November 29, 2007 @ 7:17 am


    I plan to also visit a sangha sometime. I’m thinking first about a sangha associated with Kwan Um Zen. Any thoughts or suggestions about what to look for in a sangha?

  9. Peter said,

    November 29, 2007 @ 5:55 pm

    The Humanist Community’s website is:

    we don’t have commercials or anything (yet?), but we do have some google videos up:

  10. Seth R. said,

    November 30, 2007 @ 8:16 am

    The problem is to form a group that has any sort of meaning or claim, such that it can form a cohesive entity, you need to adhere to a set of principles that will, by necessity, be somewhat exclusive.

    One has to ask the realistic question – what principles or ideas will a group defined by unbelief rally around? It seems to me that the moment someone tries to impose some universal norms upon the members of the group, it will immediately fracture and dissolve.

    I guess I’m still having a hard time seeing atheism as anything other than the mere absence of belief. You can’t form a real lasting group around the absence of something. You have to rally around a positive, otherwise there won’t be any practical draw or appeal to group membership.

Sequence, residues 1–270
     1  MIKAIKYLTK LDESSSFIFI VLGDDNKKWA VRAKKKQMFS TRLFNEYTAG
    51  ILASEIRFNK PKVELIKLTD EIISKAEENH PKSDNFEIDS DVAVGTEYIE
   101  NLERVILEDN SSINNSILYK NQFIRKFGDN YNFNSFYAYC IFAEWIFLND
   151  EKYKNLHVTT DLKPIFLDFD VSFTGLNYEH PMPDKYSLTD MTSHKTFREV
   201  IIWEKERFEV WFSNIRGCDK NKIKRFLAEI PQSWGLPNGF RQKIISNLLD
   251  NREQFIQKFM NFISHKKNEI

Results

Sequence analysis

11. Jonathan Blake said,

    November 30, 2007 @ 8:35 am

    You’re exactly right. Atheism is a rather poor banner to rally around. Atheists, however, generally find common cause in the U.S. in separation of church and state issues but not much else.

    Humanism is another story. Most atheists that I know subscribe to some form of humanism, but the two philosophies are not identical by any means. UU embodies very humanistic ideals which are compatible but not synonymous with atheism:

    There are seven principles which Unitarian Universalist congregations [which are members of the UU Association of Congregations] affirm and promote:

    * The inherent worth and dignity of every person;
    * Justice, equity and compassion in human relations;
    * Acceptance of one another and encouragement to spiritual growth in our congregations;
    * A free and responsible search for truth and meaning;
    * The right of conscience and the use of the democratic process within our congregations and in society at large;
    * The goal of world community with peace, liberty, and justice for all;
    * Respect for the interdependent web of all existence of which we are a part.

    (UUA: Our Principles)

    Those, I believe, are ties that can bind.

  12. Stephen Merino said,

    December 4, 2007 @ 11:22 am